This seems to only be getting coverage in the Turkish press, but a few people were kind enough to send me links to stories and information.
To start with, I was incorrect in my first version in saying that the tomb was securely linked to Hecatomnus by an inscription, as one account stated. Apparently the tomb had been looted, and there were no inscriptions.
Hecatomnus was appointed Satrap of Caria, and had the distinction of being the first non-Persian appointed to this office. He was a native Carian whose family can possibly be traced back to circa 500 BC, and whose ancestors sometime in the 5th century seem to have become priest-kings of Zeus Carius at Mylasa, the pan-Carian cult centre.
The sarcophagus in a tomb chamber was found some 12 m down, under the site believed to have been the location of the temple of Zeus at Mylasa (modern Milas). Scholars also believe that this was the location of the 'royal' palace of the Dynasty. When I saw a detail of the reclining bearded figure carved on the sarcophagus, I first thought they had used a photograph of a marble panel from Iasos to illustrate the story; they are both linked to the Hecatomnid Dynasty, and both produced in that Archaising style the Dynasty favoured.
Though the tomb and the sarcophagus had been looted. This is clear as the lid of the sarcophagus was smashed by the tomb robbers - which is a pity as bones would have provided us with fascinating insight into the man - but it is still a remarkable find, and one of the most exciting of recent decades. The sarcophagus depicts the deceased reclining in state in the centre of the long 'front', and depicts different scenes on the other sides; the short ends are carved with mourning women not unlike the Mourning Women Sarcophagus (from Sidon, now in Istanbul). Statues of mourning Heliades between the columns on the interior of the Belevi Tomb are now lost, but attested there by an inscription; and my reconstruction of the Mausoleum at Halicarnassus would include a row of mourning women around the high base.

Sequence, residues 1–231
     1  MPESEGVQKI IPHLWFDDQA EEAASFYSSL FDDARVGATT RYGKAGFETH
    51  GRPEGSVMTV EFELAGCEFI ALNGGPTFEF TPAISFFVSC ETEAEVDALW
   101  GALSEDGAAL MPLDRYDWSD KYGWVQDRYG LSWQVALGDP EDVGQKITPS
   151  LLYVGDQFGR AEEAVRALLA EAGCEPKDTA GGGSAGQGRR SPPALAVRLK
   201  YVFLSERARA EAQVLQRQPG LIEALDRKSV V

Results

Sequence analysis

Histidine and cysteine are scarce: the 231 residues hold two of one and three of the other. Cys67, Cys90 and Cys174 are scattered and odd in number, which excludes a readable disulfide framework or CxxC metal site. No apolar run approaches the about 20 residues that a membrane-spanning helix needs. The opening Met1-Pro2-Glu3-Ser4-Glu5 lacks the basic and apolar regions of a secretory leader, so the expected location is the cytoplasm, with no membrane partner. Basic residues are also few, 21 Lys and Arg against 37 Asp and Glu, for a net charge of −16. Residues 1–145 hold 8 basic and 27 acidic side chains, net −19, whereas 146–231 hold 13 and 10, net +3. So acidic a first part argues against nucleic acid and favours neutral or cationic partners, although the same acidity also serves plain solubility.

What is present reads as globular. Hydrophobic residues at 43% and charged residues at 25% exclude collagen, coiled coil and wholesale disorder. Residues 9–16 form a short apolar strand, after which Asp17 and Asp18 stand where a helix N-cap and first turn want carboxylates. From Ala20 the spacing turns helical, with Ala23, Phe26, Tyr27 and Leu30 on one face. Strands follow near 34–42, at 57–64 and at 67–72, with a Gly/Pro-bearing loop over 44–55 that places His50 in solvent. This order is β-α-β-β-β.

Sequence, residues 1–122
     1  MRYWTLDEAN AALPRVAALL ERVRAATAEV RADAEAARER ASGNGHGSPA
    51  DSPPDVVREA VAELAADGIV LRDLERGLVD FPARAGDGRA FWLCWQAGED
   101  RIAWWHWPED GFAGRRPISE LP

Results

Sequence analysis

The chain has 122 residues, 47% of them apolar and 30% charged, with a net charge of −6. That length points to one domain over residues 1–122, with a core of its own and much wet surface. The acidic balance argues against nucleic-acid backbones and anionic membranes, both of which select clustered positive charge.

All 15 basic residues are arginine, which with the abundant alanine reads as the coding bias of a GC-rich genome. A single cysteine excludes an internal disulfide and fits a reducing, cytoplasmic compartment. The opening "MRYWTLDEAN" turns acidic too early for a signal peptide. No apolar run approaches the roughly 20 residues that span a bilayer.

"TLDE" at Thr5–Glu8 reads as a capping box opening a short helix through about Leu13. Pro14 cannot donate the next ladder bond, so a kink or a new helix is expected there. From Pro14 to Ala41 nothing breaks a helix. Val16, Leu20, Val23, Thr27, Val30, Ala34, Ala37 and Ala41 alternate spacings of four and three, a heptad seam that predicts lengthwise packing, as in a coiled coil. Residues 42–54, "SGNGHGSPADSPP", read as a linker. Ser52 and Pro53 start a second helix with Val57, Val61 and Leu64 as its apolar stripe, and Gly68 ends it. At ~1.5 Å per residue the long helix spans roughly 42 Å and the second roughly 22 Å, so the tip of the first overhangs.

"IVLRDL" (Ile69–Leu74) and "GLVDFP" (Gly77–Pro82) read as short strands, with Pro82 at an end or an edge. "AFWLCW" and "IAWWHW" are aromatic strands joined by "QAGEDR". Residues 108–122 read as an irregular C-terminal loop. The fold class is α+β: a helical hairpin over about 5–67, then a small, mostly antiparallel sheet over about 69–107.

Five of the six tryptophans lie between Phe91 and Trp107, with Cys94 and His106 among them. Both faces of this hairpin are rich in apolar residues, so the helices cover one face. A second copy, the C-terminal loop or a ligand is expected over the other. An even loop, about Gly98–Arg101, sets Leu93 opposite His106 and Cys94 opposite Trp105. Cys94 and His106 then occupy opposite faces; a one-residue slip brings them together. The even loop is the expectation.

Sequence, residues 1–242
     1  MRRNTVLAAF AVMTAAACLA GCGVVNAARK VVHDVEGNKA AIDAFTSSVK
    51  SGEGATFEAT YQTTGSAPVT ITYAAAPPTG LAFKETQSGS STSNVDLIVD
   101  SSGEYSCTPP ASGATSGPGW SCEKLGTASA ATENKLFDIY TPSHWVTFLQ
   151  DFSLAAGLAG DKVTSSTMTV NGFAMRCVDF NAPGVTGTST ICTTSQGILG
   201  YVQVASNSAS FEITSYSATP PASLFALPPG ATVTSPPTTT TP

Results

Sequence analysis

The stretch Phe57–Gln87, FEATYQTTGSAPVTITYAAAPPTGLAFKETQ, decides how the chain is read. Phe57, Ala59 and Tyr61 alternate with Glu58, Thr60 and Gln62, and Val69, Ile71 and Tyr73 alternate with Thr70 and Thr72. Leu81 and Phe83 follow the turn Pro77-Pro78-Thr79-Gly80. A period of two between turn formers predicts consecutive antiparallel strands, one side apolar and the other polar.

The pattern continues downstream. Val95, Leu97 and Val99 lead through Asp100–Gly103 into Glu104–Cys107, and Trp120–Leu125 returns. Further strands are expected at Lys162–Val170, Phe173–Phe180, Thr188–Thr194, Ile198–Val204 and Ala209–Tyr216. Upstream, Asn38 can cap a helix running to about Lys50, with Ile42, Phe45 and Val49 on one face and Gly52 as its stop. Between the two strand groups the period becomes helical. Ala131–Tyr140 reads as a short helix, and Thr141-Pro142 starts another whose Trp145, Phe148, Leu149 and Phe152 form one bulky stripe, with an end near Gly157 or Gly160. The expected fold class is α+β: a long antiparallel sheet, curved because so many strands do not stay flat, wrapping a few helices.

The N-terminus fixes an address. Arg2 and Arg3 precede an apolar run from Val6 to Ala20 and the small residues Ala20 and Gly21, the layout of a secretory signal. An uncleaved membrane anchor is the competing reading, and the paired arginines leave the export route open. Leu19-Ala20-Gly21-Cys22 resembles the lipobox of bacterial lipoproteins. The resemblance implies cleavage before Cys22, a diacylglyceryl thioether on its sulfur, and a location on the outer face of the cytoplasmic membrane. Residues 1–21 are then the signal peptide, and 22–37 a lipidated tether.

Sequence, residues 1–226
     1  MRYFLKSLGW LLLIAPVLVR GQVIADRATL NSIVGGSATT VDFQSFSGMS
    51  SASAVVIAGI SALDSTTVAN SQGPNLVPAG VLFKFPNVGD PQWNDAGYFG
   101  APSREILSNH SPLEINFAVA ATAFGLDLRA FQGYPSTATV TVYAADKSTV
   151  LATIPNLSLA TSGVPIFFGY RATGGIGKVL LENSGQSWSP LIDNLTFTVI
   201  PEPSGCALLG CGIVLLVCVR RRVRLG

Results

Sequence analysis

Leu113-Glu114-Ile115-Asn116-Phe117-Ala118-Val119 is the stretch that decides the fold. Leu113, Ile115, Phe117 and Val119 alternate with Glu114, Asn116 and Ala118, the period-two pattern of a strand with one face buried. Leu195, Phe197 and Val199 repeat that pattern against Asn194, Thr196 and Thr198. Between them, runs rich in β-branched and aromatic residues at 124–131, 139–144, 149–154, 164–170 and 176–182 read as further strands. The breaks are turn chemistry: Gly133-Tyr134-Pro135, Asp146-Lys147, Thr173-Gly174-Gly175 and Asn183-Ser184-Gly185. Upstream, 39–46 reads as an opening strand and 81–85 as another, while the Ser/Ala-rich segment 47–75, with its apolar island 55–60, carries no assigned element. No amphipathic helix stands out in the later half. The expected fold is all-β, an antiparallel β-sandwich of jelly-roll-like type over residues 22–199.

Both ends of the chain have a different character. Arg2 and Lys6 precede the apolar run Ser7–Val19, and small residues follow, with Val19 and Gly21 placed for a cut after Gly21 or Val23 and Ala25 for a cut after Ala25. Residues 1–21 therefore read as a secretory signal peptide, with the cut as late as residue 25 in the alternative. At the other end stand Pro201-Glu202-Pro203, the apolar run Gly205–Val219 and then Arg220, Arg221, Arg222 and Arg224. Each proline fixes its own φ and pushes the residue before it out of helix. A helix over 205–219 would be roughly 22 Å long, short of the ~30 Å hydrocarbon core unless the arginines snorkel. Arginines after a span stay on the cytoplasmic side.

It's an important person's tomb, and dates from the first half of the 4th century BC. It can't be Mausolus since numerous sources attest clearly that he was buried in his own eponymous Mausoleum in Halicarnassus, but it must presumably be an earlier Hecatomnid since they were in power in Milas at the time.
I don't know what the evidence for the c. 390 BC date of the tomb is, but if we're to place it then, I would suggest that Hecatomnus' father Hyssaldomus - the priest-king of the Carians, although probably not Satrap of Caria - must also be considered as a probable occupant. If the dating is purely stylistic, then the sarcophagus could be from the 370s BC and more likely to have contained Hecatomnus himself. The portrait on the deceased, like the Mausoleum portrait of Mausolus, is not overly idealised, and an attempt at portraiture.
The tomb, since it was beneath the temple, pre-dated it; the columns of the current temple look Hadrianic to me (more were in the garden of the local museum, under a bush last time I visited). The temple is identified as one of Zeus by an inscription, although this is probably one of the three temples of Zeus in the city rather than the temple of Zeus Carius (which is believed to have been on a ridge on the edge of the city).
The woman seated to the right of the reclining Hecatomnus would be his wife (whose name is not known). She is wearing a tiara, which confirms that she is royal, so almost certainly a Hecatomnid.
The two youths would be his younger sons, and the veiled woman at the right one of his mourning daughters; since she is the counterpart to Mausolus, she was presumably his sister-wife Artemisia.
We know that Hecatomnus had two daughters - Artemisia II and Ada - but the two smaller children depicted on the front seem to be boys. This is interesting, as it would suggest Ada is one of the mourning women on the side of the sarcophagus, and that there were two more sons who either died in childhood or were not deemed worthy to be recorded by history.
The back of the sarcophagus seems to have shown Hecatomnus hunting or fighting, with one arm raised holding an inserted (and now looted) bronze spear. This recalls the slightly later Alexander Sarcophagus (also from Sidon and now in Istanbul).
We'll that's my quick analysis based on the photos. On a personal note, if I ever come across the people who looted this tomb, I will string them up and torture them.
For more photos, see my original post here.